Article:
Andrew Barrie

Andrew Barrie


Supported by Temperzone and New Zealand Institute of Architects

5 November - 27 November 1999

Architect Andrew Barrie manipulates conventions for representing architecture—drawing and painting, photographic reproduction and modelling—suggesting ways architectural space might be rethought. Several of the schemes represented in the show have received New Zealand national architectural awards, and two were selected for the SD Review, one of Japan's most prestigious accolades for young architects. The expatriate New Zealander is currently working on a PhD as Monbusho Research Scholar at the Graduate School of Frontier Sciences at the University of Tokyo.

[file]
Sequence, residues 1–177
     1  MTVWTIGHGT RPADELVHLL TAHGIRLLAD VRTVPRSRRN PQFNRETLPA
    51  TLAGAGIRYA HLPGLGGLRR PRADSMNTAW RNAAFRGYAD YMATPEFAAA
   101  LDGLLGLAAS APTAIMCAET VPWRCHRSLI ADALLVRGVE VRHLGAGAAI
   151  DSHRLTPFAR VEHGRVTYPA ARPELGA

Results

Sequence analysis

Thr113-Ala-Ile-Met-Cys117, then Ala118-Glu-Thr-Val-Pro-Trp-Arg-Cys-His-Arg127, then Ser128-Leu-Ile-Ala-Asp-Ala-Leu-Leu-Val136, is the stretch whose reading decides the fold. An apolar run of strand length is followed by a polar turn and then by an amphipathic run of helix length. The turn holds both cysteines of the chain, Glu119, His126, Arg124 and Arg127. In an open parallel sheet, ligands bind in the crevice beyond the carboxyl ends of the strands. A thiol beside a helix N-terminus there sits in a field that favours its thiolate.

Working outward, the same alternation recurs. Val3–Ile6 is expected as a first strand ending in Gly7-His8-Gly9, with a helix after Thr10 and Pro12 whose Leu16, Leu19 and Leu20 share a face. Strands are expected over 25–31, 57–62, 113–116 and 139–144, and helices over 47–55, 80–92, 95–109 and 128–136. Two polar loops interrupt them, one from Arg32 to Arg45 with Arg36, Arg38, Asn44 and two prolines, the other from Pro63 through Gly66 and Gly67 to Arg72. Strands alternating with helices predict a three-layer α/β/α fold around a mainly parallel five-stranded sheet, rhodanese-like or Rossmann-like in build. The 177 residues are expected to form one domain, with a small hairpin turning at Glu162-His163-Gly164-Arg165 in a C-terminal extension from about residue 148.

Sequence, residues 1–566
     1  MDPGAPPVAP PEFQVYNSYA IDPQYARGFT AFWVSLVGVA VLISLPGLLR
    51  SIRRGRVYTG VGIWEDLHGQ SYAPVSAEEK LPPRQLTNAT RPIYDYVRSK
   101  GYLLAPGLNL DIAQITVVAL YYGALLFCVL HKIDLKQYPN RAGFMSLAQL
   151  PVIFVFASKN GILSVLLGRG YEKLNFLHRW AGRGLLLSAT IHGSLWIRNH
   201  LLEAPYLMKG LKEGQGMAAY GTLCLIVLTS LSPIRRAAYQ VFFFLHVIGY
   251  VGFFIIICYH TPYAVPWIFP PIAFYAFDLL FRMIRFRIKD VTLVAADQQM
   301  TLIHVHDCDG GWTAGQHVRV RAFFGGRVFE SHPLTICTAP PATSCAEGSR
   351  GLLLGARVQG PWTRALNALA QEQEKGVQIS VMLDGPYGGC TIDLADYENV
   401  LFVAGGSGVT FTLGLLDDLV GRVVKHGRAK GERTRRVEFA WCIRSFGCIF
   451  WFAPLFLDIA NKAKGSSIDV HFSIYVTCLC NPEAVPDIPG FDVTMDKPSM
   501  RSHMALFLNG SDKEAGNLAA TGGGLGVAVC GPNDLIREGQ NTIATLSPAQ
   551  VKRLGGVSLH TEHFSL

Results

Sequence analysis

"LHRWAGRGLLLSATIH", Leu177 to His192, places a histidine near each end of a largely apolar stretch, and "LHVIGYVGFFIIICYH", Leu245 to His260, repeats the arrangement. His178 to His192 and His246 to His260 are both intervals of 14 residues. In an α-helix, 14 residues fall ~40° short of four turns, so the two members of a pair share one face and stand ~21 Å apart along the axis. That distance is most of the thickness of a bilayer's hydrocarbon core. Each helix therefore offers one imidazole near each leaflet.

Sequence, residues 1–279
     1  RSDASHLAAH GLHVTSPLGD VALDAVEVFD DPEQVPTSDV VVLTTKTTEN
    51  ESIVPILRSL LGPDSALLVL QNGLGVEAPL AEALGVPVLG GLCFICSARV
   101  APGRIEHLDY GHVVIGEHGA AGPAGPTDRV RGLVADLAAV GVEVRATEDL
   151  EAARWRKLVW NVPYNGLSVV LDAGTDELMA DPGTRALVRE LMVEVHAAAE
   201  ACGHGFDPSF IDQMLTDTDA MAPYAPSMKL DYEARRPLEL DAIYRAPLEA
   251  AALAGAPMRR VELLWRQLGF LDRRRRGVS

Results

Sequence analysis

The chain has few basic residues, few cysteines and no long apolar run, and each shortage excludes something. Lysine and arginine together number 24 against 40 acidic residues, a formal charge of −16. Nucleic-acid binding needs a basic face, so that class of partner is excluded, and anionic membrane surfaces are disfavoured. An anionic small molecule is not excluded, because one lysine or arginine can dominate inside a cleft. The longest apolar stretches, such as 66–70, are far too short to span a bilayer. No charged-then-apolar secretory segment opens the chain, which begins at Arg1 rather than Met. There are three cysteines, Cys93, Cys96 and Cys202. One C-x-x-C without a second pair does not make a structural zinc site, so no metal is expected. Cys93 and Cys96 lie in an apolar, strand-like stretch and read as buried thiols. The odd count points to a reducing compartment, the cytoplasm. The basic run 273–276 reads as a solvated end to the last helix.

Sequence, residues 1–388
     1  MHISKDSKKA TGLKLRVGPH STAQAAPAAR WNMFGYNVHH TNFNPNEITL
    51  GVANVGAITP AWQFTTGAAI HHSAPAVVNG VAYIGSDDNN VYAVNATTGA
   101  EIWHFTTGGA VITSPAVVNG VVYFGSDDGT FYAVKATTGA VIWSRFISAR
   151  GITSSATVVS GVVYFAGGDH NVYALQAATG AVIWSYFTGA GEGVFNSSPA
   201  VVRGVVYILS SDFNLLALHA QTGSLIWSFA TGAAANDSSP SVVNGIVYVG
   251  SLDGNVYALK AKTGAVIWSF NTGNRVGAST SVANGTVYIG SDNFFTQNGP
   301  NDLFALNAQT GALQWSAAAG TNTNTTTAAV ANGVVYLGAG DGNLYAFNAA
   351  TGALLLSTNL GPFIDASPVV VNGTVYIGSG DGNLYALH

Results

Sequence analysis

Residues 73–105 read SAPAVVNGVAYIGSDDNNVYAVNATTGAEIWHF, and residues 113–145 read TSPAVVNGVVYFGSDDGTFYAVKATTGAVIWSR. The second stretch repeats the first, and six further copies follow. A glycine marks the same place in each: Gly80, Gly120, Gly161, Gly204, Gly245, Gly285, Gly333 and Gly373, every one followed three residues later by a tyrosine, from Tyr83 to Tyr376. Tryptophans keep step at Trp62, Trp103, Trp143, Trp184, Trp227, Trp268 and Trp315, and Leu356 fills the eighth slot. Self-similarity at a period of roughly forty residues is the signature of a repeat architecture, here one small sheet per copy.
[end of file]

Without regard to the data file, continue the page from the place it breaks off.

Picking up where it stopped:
Barrie writes: "My work is informed by three ideas: CODE. New representational codes provide new ways of understanding and making the world. How we understand architecture is evident in the codes we use to represent it. Architectural drawings and models typically emphasise edges, borders, and boundaries, shifts from one material or component to another, or from solid matter to empty space. In attempting to devise an architecture which subverts such transitions I have been developing alternative representational systems which disregard boundaries and emphasise vision rather than substance. EQUALISATION. I want to diminish the difference between visible and invisible, equalising solid and void, mass and space. This is much easier in drawing than in building. In my composite sectional drawings for instance, sectional outlines mark the change from solid to void, but don't indicate which side of the line is which—solid and void have been equalised. But what is easily drawn may be impossible to build. The models exhibited here result from the process of trying to translate this idea from drawing into three dimensions. FAILED SPACE. In The Lost Dimension, Paul Virilio argues that modern communication and media technology have eliminated the gap between near and far. Seeing all barriers as penetrable and all separations as bridgeable, he claims, 'there is no plenum; space is not filled with matter'. Virilio may overstate the point, but certainly distance is no longer absolute, it can be overcome. Certainly this may be more a phenomenon of urban or geographic space than architectural space. But if we understand the space we inhabit as neither empty nor extending smoothly in every direction, and if mass can be reworked so that space and therefore vision can penetrate it, then we have a world in which different and incompatible entities can occupy the same position. Here space is unable to hold its own, and 'fails'."